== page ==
Will I get hurt again?  Maybe.  It’s possible that one day, a Rabbi will again make me cry, somewhere.  Still, when I hear about the closeness some people have with their Rabbi’s, I think to myself that it’s something I’d like to have.  I’d like to have someone I could ask for advice when it comes to the big, murky decisions in life, where I’m not sure which direction I should go or what I should do or what the “right” thing is.  I think maybe that starts first with, “Is this dairy spoon I did x to in a meat bowl completely treifed?”  Trust begins with smaller things.

This year, while I have been doing much better with letting go and trusting G-d, I have still been kind of moving ahead with the plans my husband and I think are right for us.  Maybe it’s time to begin to let go a little more and trust a Rabbi to guide us more at least within this process?  G-d has us planted here for a reason, at least for now.

 

 

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5 thoughts on “Relationships with Rabbis

  1. My husband has a saying,”Torah flows.” Because of this concept, when a Rabbi is asked, one must be ready to accept the ruling. The ruling, of course, is specific to the person asking, not anybody else, even if someone else seems to be in the same situation. When the answer, or the ruling, is not to our liking, we certainly feel hurt, but all it means is that Torah flows the way we have not foreseen or anticipated.
    As to women embarrassed to ask for rulings pertaining to Tahoras haMishpocha, the mechanism for that has been developed centuries ago. It preserves anonymity of a woman while allowing a Rabbi to examine color, texture, etc. that DOES NOT AND CANNOT be conveyed by a photo. A woman should not be making a “more stringent” decision on these matters as it would prevent her from fulfilling a very important Mitzvah, and that in itself is worse than making a mistake in counting.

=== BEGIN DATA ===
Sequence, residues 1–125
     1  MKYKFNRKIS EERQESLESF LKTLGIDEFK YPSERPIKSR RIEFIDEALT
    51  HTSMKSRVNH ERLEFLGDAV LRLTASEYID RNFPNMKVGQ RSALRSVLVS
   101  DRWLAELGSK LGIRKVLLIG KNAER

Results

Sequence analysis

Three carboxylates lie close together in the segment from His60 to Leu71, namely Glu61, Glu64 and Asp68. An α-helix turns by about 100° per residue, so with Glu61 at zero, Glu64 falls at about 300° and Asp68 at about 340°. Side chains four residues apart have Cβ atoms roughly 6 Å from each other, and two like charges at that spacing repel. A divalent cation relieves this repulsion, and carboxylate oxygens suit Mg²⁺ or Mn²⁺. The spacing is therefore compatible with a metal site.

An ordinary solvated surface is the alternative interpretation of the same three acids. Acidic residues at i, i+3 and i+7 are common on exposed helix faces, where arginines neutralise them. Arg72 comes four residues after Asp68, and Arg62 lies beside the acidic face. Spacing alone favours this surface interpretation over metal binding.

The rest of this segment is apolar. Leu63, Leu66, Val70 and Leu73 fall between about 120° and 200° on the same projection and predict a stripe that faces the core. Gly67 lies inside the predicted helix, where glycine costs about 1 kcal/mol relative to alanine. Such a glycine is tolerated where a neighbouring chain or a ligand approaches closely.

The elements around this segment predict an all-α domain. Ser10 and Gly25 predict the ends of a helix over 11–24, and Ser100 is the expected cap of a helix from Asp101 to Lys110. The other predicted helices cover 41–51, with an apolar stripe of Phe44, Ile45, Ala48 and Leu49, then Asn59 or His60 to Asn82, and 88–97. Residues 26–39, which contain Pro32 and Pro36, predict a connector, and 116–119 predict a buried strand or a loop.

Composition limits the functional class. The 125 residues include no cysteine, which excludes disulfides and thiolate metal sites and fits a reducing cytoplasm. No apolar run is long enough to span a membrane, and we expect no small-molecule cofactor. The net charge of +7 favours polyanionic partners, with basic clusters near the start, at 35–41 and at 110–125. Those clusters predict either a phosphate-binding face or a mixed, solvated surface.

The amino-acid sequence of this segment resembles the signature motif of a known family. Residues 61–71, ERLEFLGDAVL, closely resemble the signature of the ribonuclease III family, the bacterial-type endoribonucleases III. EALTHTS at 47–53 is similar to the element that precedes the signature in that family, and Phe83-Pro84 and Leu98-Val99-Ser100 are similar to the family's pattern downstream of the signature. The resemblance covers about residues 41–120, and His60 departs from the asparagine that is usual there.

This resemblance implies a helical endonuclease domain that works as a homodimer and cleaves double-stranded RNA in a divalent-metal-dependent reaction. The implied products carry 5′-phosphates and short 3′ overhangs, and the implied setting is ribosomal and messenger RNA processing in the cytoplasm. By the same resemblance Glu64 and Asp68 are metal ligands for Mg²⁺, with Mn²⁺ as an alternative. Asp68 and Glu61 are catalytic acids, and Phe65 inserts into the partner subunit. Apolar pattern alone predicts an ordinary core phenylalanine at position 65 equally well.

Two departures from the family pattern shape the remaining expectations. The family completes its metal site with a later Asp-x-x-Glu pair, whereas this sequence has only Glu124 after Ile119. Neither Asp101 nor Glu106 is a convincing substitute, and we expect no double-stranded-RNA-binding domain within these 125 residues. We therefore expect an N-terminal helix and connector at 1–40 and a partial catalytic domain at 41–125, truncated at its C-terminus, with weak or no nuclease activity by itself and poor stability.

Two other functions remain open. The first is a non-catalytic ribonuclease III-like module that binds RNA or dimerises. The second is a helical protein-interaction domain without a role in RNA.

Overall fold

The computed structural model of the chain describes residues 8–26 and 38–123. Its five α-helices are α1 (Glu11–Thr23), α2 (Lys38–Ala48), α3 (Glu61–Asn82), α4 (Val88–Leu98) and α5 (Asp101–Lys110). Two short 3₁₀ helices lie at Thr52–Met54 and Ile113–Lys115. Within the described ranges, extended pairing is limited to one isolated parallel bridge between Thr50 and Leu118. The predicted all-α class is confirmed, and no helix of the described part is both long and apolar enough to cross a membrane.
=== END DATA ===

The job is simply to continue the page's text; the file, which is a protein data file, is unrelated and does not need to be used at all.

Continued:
I apologize for such a long comment, but so many issues are misunderstood nowadays!

    Liked by 1 person

    • Those are my feelings on the app itself, too. I think there’s too much room for error and also there could be nuances that might be missed. A Rav might find a way to rule more leniently if he knows more details about the woman’s situation or he may rule more stringently, but just sending a picture over an app removes that human element to such a ruling.

      For me, it was more interesting all that came up about relationships between these women and their Rabbi’s. For me, the tears I’ve cried haven’t come from asking a shaila and not getting an answer I liked, but from failures in communication or in sensitivity that, looking back, may not have been intentional or might have been the result of outside factors. (In these cases, they weren’t related to shailas, but the conversion process.) Rabbis are human and we often ask a lot of them.

      Mostly, reading those comments about those relationships made me realize I have some work of my own to do in being more open and vulnerable with those I choose to lead me and taking that risk that I might get hurt, but expecting the best.

      I hope that all makes sense and I do appreciate your comment! 🙂

      Liked by 1 person

      • It makes a lot of sense, especially once people realize that, although Rabbis are human, what they do and say is beyond human. It is dictated by His Will, and many times what seems to us as insensitivity is also His Will that serves His Purpose.

        Liked by 1 person

  2. That is definitely something important to keep in mind. Nothing is outside G-d’s control and everything is for our good!

    Like